Early modern period
During the early Edo period, both the Mogami and the Akita were dispossessed, and their territories broken up into smaller domains, the largest of which were held by the Sakai clan and Uesugi clans. During the Bakumatsu period, all of the domains in the area joined the Ōuetsu Reppan Dōmei supporting the Tokugawa shogunate. Following the defeat of the pro-Tokugawa forces, the new Meiji government reorganized Dewa province into Ugo Province (羽後国) in the north, and Uzen Province (羽前国) in the south in 1868.These provinces became Akita Prefecture and Yamagata Prefecture on August 2, 1876.
- Ugo Province
- Uzen Province
- Tagawa District (田川郡) (former Dewa District (出羽郡))
- Kubiki District (櫛引郡)
- Mogami District (最上郡)
- Murayama District (村山郡)
- Okitama District (置賜郡)
Bakumatsu period domains
|Kubota Domain||tozama||Satake||205,000 koku||also known as Akita Domain|
|Kameda Domain||tozama||Iwaki||20,000 koku|
|Honjō Domain||tozama||Rokugō||20,000 koku|
|Shōnai-Matsuyama Domain||fudai||Sakai||20,000 koku||sub of Shōnai Domain|
|Shōnai Domain||fudai||Sakai||170,000 koku||also known as Tsuruoka Domain|
|Yamagata Domain||fudai||Mizuno||50,000 koku|
|Kaminoyama Domain||fudai||Matsudaira (Fujii)||30,000 koku|
|Tendō Domain||tozama||Oda||20,000 koku|
|Nagatoro Domain||fudai||Yonekitsu||10,000 koku|
|Yonezawa Domain||tozama||Uesugi||167,000 koku|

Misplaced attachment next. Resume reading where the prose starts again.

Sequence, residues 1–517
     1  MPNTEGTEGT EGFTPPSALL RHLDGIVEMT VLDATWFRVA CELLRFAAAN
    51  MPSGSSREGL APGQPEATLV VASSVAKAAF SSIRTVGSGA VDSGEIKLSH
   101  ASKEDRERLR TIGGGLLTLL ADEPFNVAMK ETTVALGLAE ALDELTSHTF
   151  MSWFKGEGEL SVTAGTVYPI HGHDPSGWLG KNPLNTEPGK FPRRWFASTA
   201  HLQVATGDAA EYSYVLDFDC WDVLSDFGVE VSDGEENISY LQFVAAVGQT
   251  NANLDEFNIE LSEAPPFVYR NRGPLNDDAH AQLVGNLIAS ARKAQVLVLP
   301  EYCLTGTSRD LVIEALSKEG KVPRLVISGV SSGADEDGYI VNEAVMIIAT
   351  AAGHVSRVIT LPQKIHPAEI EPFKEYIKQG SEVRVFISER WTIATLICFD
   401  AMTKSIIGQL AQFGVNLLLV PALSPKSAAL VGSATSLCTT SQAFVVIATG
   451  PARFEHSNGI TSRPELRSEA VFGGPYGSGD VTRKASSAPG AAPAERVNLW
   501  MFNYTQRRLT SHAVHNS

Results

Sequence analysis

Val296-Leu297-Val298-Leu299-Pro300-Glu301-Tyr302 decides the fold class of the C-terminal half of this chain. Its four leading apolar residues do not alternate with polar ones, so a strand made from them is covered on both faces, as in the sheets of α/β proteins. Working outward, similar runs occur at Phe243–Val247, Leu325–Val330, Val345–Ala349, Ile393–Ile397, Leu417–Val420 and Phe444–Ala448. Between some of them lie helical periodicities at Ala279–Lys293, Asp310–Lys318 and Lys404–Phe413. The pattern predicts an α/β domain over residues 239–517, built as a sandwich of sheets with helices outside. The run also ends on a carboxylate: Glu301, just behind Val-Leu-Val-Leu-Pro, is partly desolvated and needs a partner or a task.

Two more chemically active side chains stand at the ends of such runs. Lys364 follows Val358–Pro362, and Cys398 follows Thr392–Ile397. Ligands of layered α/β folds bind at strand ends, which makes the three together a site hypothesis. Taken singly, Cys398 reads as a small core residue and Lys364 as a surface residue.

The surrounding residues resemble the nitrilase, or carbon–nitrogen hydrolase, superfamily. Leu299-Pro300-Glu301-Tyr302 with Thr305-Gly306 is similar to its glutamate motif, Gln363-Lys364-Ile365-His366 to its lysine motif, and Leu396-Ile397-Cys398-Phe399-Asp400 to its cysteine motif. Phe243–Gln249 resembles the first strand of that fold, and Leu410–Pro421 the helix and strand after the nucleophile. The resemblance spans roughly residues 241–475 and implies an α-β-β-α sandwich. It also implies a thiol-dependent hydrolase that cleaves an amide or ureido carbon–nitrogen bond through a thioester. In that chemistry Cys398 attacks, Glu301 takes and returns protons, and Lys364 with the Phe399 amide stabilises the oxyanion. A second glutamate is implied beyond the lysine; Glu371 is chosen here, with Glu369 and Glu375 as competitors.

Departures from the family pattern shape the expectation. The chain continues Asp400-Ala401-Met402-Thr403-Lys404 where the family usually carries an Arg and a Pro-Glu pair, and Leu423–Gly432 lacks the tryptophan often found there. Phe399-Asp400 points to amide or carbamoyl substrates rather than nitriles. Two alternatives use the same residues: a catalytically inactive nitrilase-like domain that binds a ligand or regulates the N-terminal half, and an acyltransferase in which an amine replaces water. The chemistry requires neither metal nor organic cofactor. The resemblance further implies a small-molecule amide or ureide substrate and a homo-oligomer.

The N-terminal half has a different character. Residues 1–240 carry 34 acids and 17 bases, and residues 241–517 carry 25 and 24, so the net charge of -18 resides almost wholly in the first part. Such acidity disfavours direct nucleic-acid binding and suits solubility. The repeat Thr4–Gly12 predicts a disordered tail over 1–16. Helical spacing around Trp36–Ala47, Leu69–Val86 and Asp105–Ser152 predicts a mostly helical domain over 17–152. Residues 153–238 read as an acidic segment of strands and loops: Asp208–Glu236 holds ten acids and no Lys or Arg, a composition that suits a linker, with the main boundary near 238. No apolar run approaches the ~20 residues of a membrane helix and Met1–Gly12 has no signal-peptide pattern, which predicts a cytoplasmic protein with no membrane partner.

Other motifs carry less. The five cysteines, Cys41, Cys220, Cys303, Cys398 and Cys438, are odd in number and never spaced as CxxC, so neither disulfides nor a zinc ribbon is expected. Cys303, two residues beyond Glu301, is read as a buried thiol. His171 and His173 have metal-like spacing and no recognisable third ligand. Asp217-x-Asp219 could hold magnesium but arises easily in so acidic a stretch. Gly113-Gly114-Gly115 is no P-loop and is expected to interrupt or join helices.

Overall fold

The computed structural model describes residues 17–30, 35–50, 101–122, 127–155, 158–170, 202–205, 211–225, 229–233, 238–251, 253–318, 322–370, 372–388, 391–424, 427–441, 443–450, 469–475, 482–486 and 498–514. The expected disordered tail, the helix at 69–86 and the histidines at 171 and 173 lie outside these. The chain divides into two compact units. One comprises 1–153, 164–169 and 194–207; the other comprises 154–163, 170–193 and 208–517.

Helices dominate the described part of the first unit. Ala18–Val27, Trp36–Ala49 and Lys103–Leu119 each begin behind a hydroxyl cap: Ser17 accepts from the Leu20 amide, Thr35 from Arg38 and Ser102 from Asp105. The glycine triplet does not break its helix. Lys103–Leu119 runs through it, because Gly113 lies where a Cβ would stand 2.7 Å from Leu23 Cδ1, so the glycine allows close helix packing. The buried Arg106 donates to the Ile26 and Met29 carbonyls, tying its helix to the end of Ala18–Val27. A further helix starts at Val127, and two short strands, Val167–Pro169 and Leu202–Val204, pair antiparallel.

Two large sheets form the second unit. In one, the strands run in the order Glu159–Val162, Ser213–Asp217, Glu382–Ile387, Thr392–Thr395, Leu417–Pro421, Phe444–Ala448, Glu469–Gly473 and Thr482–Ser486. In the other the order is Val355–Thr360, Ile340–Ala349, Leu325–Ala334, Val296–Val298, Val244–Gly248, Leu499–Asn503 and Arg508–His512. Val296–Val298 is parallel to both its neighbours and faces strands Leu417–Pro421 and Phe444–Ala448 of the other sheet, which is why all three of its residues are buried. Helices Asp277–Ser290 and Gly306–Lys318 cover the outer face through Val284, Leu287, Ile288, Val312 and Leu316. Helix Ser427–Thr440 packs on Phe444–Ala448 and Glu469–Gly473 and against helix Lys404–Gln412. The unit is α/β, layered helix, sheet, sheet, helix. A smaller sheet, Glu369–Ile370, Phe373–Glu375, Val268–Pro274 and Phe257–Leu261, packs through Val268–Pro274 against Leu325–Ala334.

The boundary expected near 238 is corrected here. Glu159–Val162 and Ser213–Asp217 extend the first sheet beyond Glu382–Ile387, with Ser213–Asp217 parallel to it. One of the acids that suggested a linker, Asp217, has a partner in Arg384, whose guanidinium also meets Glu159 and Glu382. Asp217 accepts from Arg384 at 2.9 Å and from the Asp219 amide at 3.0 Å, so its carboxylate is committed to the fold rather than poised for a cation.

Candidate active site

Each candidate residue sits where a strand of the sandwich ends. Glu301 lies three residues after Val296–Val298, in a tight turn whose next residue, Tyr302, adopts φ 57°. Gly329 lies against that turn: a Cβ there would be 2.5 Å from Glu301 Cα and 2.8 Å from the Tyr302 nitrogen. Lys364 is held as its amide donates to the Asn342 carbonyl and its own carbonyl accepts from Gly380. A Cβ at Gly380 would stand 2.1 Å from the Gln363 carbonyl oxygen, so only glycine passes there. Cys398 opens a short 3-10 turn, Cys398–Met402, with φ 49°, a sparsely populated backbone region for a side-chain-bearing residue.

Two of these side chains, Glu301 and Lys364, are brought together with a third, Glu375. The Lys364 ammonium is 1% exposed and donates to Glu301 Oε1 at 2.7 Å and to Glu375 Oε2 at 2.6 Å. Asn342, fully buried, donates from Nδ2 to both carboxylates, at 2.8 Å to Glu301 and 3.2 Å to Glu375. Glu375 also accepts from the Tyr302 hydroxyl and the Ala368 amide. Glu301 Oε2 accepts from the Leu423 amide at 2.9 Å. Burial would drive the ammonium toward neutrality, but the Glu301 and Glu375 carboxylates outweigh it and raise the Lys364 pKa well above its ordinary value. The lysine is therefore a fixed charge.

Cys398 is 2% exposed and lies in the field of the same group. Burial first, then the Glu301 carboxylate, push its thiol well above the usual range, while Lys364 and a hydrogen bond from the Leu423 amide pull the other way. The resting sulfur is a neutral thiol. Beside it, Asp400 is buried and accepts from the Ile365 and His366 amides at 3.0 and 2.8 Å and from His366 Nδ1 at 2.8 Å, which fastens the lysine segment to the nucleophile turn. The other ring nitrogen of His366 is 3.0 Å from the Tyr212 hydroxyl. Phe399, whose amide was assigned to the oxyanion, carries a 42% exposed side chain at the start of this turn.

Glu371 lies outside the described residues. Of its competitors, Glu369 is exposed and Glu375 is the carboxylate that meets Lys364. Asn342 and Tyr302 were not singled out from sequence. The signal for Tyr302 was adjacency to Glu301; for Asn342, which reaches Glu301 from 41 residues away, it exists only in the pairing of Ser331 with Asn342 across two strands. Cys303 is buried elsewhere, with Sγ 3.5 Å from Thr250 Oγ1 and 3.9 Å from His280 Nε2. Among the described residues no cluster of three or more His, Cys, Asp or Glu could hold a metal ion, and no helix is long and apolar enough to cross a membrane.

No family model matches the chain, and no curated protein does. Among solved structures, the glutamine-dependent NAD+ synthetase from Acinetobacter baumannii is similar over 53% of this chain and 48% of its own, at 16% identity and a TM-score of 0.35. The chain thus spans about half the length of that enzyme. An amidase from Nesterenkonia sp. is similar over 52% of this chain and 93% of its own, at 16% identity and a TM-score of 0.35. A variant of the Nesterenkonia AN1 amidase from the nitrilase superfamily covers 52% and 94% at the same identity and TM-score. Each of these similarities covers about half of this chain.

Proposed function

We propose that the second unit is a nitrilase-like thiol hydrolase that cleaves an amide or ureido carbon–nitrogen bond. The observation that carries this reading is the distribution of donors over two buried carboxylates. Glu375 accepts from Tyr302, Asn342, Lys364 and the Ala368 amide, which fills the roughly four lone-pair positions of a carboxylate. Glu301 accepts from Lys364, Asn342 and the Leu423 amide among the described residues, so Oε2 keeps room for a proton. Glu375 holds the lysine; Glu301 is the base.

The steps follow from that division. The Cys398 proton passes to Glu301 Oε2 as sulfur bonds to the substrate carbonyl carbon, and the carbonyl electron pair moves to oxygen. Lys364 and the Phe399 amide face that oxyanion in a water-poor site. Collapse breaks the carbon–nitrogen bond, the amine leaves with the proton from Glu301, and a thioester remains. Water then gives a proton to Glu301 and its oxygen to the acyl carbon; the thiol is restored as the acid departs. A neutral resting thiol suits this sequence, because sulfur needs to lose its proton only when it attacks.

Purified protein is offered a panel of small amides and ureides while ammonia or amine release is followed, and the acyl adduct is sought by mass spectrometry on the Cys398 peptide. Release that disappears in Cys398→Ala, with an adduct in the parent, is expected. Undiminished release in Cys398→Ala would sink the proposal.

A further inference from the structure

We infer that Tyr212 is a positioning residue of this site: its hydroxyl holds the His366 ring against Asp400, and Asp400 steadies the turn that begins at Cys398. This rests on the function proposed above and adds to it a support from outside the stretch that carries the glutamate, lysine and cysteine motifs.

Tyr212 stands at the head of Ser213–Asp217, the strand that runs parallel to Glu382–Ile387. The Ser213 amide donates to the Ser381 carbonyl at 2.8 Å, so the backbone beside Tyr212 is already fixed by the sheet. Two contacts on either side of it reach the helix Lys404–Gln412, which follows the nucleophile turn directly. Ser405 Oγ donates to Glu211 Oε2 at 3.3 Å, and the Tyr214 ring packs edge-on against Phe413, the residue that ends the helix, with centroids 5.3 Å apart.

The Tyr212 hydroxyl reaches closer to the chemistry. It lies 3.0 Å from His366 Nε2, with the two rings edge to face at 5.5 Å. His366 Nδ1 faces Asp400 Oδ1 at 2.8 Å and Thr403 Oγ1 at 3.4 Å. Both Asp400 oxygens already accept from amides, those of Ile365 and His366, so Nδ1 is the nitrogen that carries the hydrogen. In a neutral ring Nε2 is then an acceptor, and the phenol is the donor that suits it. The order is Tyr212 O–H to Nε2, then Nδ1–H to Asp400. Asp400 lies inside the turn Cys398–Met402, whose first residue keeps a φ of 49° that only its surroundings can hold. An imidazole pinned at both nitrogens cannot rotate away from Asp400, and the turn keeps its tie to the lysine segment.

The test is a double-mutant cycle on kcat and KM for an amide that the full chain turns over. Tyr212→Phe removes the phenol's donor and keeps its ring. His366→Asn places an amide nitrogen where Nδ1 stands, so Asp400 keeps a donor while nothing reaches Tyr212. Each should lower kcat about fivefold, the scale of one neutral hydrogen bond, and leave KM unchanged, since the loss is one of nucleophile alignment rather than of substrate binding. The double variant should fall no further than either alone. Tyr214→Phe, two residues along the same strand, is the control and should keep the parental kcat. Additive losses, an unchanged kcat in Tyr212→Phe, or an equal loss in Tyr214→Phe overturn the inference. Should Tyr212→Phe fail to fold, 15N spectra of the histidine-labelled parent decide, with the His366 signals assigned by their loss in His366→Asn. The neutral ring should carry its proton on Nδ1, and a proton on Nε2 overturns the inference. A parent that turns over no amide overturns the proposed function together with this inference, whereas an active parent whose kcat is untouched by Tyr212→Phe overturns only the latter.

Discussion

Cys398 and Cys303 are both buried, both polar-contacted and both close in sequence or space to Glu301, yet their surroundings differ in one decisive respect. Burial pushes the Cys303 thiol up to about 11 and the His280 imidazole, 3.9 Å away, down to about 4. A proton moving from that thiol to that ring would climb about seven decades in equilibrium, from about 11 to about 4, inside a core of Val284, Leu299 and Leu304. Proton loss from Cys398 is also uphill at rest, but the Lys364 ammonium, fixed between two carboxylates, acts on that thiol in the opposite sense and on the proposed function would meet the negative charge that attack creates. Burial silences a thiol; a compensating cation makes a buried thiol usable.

|Kubota Shinden Domain||tozama||Satake||20,000 koku||sub of Kubota Domain|
|Yonezawa Shinden Domain||tozama||Uesugi||10,000 koku||sub of Yonezawa domain|
|Shinjō Domain||fudai||Tozawa||68,800 koku|
- Ushū Kaidō – a subroute of the Ōshū Kaidō and Sendaidō with 57 post stations connecting what is now Koori, Fukushima with Aomori
- Yonezawa Kaidō – connecting what is now Aizuwakamatsu, Fukushima with Yamagata.
- Sendai Kaidō – connecting what is now Sakata, Yamagata with Sendai.
- Ushū Hamakaidō – connecting Sakata with Niigata.
- Kōdansha. (1993). "Akitajō" in Japan: an Illustrated Encyclopedia, Vol. 1, p. 29.
- Titsingh, Isaac. (1834). Annales des empereurs du japon, p. 64., p. 64, at Google Books
- Turnbull. Japanese Castles AD 250-1540. Page 13
- Terry, Thomas Philip. (1914). Terry's Japanese Empire, p. 324., p. 324, at Google Books
- Nussbaum, Louis-Frédéric. (2005). "Provinces and prefectures" in Japan Encyclopedia, p. 780.
- Kōdansha. (1993). Japan: an Illustrated Encyclopedia. Tokyo: Kōdansha; OCLC 193352222
- Nussbaum, Louis-Frédéric and Käthe Roth. (2005). Japan encyclopedia. Cambridge: Harvard University Press. ISBN 978-0-674-01753-5; OCLC 58053128
- Terry, Thomas Philip. (1914). Terry's Japanese Empire: including Korea and Formosa, with Chapters on Manchuria, the Trans-Siberian Railway, and the Chief Ocean Routes to Japan: a Guidebook for Travelers. New York: Houghton Mifflin. OCLC 123254449
- Titsingh, Isaac. (1834). Annales des empereurs du Japon (Nihon Odai Ichiran). Paris: Royal Asiatic Society, Oriental Translation Fund of Great Britain and Ireland. OCLC 5850691.